A Place for Mom is on a mission to spread the word about the benefits of pet-friendly assisted living. We would also like to award those assisted living communities in the Chicago area who allow pets.
At Sunrise Senior Living in Schaumburg, about 30 miles outside of Chicago, pets have always been a part of the program. Since founding the company more than 30 years ago, administrators and staff have included animals as a way to help residents ease their transition to an assisted-living center, and to improve the quality of life for those living there.
“We recognize it’s a big step to move from your home to an assisted living community,” says Lisa Lauer, executive director at Sunrise of Schaumburg. “Leaving your companion that has been with you through thick and thin can be devastating.”
Not only can leaving a pet be traumatic, but your physical health may suffer as well. A 2006 study done at Saint Louis University found that when seniors spent one-on-one alone time with a dog, their feelings of loneliness decreased, and significantly more so than when that canine time was shared with other residents. Therefore, having a pet, and taking care of it, could be similarly beneficial to a senior’s mental health.
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At Sunrise of Schaumburg, residents must be able to care for their pets themselves. However, staffers care for five on-site pets for residents to enjoy communally. There’s Murray the cat, who resides mainly in the memory care neighborhood; Molly the puppy; Elvis the bunny; and birds Romeo and Juliet. Seniors also can join in “Walks with Molly,” which provide exercise along with dog-bonding.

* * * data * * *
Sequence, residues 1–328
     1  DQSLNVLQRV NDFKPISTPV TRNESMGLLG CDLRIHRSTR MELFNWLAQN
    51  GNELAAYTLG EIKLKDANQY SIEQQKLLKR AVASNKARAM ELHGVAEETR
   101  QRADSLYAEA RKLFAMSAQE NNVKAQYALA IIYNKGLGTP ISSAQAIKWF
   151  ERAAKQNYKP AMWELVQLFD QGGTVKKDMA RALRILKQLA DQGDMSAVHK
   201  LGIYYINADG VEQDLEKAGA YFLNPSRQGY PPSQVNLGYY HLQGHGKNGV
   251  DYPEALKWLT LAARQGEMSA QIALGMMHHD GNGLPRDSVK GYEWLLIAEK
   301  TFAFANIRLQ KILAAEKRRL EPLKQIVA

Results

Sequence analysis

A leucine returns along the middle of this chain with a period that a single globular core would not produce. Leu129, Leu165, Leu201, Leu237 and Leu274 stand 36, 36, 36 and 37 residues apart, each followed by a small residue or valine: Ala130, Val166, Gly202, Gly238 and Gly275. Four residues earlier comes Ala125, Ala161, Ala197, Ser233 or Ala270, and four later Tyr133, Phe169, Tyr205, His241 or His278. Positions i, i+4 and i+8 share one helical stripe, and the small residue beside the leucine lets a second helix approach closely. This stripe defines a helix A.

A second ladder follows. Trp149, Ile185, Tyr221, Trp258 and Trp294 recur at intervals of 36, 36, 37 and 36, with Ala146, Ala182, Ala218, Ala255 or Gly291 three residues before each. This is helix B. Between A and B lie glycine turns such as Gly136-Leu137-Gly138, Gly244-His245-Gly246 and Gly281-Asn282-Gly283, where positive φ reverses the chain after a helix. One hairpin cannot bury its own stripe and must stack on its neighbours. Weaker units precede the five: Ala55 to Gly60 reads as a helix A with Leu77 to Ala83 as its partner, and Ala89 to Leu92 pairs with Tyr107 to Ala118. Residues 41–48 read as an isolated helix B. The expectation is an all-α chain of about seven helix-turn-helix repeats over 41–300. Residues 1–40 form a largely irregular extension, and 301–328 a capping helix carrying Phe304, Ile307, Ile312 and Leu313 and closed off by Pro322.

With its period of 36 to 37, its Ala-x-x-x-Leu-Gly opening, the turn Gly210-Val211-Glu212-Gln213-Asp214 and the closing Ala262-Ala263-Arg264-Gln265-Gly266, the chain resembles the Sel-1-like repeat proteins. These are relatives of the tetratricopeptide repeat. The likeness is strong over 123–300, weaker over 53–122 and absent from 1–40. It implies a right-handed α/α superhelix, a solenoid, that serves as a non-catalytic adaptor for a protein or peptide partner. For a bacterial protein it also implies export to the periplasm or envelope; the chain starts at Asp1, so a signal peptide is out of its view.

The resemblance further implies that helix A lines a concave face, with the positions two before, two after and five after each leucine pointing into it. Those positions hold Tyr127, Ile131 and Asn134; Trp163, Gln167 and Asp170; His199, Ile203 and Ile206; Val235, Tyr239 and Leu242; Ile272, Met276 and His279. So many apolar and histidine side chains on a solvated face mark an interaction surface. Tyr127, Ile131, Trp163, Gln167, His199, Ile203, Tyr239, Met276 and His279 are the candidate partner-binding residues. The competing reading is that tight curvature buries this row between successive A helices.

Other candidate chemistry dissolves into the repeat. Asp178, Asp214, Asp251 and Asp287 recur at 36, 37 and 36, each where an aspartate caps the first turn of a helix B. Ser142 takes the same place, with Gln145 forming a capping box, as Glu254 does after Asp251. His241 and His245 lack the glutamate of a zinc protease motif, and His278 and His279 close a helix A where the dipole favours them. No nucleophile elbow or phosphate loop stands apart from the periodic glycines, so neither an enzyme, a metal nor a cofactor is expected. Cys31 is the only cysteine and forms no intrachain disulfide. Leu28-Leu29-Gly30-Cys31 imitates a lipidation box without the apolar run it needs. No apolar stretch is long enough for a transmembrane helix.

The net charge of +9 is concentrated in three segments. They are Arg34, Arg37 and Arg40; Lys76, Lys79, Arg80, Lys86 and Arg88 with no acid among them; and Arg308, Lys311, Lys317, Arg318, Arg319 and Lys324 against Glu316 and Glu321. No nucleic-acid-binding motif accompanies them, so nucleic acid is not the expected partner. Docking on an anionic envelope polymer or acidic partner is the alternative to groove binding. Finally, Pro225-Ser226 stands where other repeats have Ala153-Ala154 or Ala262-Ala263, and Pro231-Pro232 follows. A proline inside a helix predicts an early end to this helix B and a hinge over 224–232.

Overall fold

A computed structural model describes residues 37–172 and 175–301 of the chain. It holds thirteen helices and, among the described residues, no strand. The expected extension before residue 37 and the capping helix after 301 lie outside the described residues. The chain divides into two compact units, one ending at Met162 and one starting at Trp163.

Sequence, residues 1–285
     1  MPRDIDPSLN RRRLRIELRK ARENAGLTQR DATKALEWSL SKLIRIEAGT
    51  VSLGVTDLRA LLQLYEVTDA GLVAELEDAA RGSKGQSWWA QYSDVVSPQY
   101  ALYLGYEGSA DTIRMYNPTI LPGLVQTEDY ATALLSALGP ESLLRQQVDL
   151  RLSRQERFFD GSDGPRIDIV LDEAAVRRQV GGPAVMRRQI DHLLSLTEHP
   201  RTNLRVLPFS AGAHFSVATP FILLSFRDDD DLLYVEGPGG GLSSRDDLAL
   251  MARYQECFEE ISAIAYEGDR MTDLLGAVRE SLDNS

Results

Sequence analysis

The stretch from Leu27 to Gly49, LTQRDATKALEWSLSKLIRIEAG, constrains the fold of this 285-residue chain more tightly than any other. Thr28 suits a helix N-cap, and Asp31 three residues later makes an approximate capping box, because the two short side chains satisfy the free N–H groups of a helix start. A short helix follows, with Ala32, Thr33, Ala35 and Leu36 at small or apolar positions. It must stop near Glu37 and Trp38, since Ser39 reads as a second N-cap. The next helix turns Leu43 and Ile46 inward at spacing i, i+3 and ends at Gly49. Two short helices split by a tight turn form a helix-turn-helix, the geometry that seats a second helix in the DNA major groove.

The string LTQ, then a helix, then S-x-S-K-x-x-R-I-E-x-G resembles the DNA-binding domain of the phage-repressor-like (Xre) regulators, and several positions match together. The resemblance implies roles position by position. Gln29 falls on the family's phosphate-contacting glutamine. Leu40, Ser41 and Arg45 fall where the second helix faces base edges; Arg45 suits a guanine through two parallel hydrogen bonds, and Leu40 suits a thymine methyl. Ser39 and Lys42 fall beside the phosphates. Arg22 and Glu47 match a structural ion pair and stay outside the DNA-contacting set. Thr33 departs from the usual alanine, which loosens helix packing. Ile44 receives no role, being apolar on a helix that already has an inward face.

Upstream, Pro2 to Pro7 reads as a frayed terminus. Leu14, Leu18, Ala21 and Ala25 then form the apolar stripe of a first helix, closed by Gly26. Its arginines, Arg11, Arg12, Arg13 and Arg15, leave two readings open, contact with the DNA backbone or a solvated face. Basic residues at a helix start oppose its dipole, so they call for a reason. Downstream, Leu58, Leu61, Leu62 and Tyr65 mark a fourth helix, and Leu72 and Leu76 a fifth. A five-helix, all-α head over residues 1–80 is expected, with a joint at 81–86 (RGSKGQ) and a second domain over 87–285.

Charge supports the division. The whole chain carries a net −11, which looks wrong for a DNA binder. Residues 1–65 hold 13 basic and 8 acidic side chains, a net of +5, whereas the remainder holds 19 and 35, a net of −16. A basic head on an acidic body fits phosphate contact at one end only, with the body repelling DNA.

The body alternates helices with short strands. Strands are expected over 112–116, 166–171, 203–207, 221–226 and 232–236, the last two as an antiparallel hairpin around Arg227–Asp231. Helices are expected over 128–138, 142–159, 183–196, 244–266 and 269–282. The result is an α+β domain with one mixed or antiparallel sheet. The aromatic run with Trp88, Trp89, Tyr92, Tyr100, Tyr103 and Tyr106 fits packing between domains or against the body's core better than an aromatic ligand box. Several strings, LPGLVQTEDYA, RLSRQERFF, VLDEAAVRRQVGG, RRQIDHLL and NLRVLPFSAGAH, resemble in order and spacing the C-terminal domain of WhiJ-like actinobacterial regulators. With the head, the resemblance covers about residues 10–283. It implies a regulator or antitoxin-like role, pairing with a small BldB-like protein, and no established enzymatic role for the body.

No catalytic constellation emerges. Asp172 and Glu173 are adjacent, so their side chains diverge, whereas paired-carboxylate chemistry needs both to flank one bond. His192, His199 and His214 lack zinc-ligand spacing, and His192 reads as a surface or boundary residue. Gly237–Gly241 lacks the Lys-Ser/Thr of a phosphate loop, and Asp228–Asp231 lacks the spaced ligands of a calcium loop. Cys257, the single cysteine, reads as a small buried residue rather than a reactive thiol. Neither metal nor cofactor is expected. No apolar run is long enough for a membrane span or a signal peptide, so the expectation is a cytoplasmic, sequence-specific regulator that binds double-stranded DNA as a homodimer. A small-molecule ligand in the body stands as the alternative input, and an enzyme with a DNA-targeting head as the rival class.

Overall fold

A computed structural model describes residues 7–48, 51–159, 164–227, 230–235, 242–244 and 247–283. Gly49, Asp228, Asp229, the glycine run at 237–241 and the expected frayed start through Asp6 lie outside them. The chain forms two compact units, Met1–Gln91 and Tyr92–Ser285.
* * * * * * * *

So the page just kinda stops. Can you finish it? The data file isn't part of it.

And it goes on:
Chicago’s Pets Are Worth Saving (PAWS) participates in a program through Pets for the Elderly Foundation, founded in Cleveland, Ohio, which pays the first $50 of a senior’s adoption fee. The program is so popular there’s a waitlist of more than 100 shelters.
Espousing that “The most serious disease for older persons is not cancer or heart disease – it’s loneliness,” the non-profit charity considers a senior anyone over the age of 60. “We’ve seen the benefits provided by our founder’s dog, Sammy, in keeping his person on schedule for taking his medication, and stepping outside for a walk and fresh air,” says Susan Korowski, executive director of Pets for the Elderly, who also notes that a woman who adopted a cat through the foundation wrote to tell them, “Mr. KC makes me feel like a teenager.”
“Pets offer affection, fight loneliness, and can help ease the loss of a loved one,” according to the foundation, which pays for spaying, neutering, and veterinarian exams in many cases.
“Animals offer such warmth and love you unconditionally,” says Lauer. “No matter what kind of day you’re having, they are there to give you unconditional love.”
Senior living communities have different pet policies with specific weight limits and breed restrictions, so it’s important to do your research. For example, some communities have ‘pet interviews’ to determine whether the pet is right for their community, while others allow dogs and cats under 20 lbs. Birds and fish are also welcome in many communities, and some communities even have Pet Coordinators to care for the furry and feathered friends. Some communities only allow pets on a case-by-case basis. So make sure to contact your communities of choice and ask about their particular pet policy.
For more in-depth information about the benefits seniors receive from their furry companion, read our article on “How Pet Therapy Has Changed Assisted Living.”